In the weeks after Russia’s invasion, Ukrainians fled their homes at a pace not seen in Europe since World War II. That exodus has slowed, but this week we have had a reminder that the movement of humanity provoked by the Russian invasion continues. And the numbers are staggering.
In less than six months, more than 12 million people have left their homes in Ukraine. The United Nations, which keeps these statistics, reports that those millions are roughly divided between those now living in other parts of Europe — some 6.2 million Ukrainian refugees are in that category — and another 6.3 million “internally displaced” Ukrainians — meaning those who have fled their homes to seek safety and shelter in another part of their country.
Considering Ukraine’s prewar population was around 42 million, these figures mean that roughly 30 percent of Ukrainians have left their homes and have not returned. Staggering, indeed.
Grid’s reporting is based on the best available data and reporting; in some cases, we explained a range of figures or the reason we chose one over another. We originally published this document on March 24 and will update it every Thursday as long as the war persists.
Civilians killed: at least 5,300 (probably thousands more)
On June 7, a Ukrainian official said at least 40,000 Ukrainian civilians had been killed or wounded since the war began. The official offered no breakdown of dead vs. wounded. The United Nations’ latest estimate of civilians killed is more than 5,300, but it consistently adds that the figure is an undercount, as is its estimate of total casualties — a combination of deaths and injuries — given as more than 10,000. (updated Aug. 3; source, source)
Ukrainian soldiers killed: 10,000 to 11,000
On June 10, top advisers to Ukrainian President Volodymyr Zelenskyy estimated that 10,000 Ukrainian soldiers have been killed since the war began. U.S. intelligence officials have put the number at 5,500 to 11,000 Ukrainian soldiers killed since the invasion. Also on June 10, a presidential adviser said that Ukraine was losing as many as 200 soldiers each day. (updated June 15; source, source)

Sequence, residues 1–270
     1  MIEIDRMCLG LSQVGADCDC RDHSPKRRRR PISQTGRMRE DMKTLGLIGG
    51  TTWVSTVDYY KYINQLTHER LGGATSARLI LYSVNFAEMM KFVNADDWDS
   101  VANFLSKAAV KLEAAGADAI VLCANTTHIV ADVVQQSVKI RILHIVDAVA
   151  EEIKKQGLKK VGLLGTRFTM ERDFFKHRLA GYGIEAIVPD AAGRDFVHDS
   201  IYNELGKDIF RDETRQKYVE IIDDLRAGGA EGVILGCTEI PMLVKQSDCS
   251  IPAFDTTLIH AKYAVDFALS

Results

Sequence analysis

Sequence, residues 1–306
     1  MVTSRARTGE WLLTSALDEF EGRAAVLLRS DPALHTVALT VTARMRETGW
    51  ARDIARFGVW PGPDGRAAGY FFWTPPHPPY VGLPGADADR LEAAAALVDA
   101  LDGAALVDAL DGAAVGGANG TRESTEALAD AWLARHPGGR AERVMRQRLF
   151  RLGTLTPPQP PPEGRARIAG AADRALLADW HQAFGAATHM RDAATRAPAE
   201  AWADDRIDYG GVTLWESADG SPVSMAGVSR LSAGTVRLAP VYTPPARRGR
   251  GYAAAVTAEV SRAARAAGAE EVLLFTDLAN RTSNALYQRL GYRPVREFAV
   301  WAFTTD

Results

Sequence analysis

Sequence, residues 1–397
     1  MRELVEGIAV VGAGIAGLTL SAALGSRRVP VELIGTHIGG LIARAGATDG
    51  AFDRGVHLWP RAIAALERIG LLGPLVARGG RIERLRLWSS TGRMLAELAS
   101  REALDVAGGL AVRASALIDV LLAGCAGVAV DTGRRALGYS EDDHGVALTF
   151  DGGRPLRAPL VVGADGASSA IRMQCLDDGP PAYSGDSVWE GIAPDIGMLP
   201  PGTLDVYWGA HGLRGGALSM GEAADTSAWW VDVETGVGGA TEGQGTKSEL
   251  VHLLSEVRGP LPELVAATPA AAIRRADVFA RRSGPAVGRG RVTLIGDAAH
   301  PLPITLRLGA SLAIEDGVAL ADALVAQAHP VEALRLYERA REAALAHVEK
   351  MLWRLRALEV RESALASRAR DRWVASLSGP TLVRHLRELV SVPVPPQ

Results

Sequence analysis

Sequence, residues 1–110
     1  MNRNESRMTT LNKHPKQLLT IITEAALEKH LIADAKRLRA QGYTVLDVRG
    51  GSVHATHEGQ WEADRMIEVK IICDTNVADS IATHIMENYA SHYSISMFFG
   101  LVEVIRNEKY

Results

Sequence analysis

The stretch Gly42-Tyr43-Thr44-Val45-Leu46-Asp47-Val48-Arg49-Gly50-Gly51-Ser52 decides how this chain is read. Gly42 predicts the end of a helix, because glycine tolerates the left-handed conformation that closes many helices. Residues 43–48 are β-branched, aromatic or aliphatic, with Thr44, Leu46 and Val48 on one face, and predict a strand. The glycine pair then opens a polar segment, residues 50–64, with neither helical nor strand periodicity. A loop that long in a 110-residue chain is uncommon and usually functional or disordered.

Russian soldiers killed: 1,351 to 38,000
Ukraine has raised its estimate of Russian soldiers killed in the conflict to 38,000. NATO has estimated Russian troop losses at between 7,000 and 15,000. Russian officials earlier claimed 1,351 troop losses, though spokesman Dimitry Peskov said there have been “significant losses of troops, and it’s a huge tragedy for us.” (updated July 16; source, source, source)
Russian generals killed: 8 to 13
A retired Russian general was reportedly shot down over Luhansk in late May — by Ukrainian counts the 13th Russian general to be killed in Ukraine. Previously, the Defense Intelligence Agency reported that between eight and 10 Russian generals have been killed in Ukraine. Grid’s Tom Nagorski and Joshua Keating previously reported on the possible explanations for this “inconceivable” toll: poor communications and command-and-control structures within the Russian military. (updated May 25; source, source)
Total displaced Ukrainians: at least 12 million
There are more than 6.3 million Ukrainian refugees reported in other European countries currently. U.N. data indicates that more than 10 million have crossed the border since the start of the war, but millions have returned home, largely from Poland, as Nikhil Kumar and Kseniia Lisnycha reported. The International Organization for Migration’s latest survey of internally displaced Ukrainians, in late June, found more Ukrainians returning home from within Ukraine, but more than 6 million remain displaced. (updated Aug. 3; source, source)
Internally displaced Ukrainians: nearly 6.3 million
An overview of the violence
Global food markets: Wheat prices decrease 11 percent since invasion, after weeks of fluctuation
Grid coverage this week
- Ukraine turning point? The offensive against Russia that may decide the war (Aug. 3)
- Putin could give a Ukraine victory speech tomorrow. Here’s what it might say. (Aug. 1)
- World in photos: A summer haven for Ukrainian children in the midst of war (July 29)
- Global food crisis: Beyond the Ukraine-Russia grain deal, what else can the world do? (July 27)
Learn more: Grid’s 360s on the Ukraine War
- 360: What led to Europe’s worst refugee crisis since World War II
- 360: Casualty of war in Ukraine: The global food supply
- 360: War in Ukraine: How we got here — and what may come next
- 360: Russia’s billionaires: Who they are, what they own — and can they influence Vladimir Putin?
- 360: Why danger still looms at Ukraine’s nuclear power plants